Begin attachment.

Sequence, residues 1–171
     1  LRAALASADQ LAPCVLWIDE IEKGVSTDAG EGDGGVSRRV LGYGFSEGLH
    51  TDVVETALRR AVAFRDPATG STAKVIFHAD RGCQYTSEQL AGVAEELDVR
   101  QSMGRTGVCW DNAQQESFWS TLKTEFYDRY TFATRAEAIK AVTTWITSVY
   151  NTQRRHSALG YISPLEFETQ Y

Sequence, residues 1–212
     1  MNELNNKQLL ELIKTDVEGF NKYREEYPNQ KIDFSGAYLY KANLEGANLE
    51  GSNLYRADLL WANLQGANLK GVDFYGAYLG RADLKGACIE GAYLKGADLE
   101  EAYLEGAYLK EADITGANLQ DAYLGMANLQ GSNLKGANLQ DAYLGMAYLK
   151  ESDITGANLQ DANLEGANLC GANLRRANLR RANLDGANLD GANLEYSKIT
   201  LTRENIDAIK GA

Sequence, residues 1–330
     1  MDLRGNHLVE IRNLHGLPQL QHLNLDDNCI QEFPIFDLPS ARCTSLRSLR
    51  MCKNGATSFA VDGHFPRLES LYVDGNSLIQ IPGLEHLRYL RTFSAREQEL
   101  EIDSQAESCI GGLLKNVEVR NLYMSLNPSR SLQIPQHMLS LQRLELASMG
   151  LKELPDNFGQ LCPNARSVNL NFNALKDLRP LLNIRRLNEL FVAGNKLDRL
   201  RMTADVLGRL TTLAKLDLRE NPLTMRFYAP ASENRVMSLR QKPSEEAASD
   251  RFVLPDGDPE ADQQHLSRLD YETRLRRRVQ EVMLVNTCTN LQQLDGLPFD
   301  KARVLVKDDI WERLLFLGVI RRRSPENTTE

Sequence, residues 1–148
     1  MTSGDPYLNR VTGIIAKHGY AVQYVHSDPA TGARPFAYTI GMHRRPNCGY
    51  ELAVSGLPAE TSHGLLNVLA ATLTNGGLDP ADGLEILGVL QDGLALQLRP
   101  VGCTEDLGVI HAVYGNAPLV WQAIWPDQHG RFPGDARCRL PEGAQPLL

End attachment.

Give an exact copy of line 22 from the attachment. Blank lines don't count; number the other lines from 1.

    51  ELAVSGLPAE TSHGLLNVLA ATLTNGGLDP ADGLEILGVL QDGLALQLRP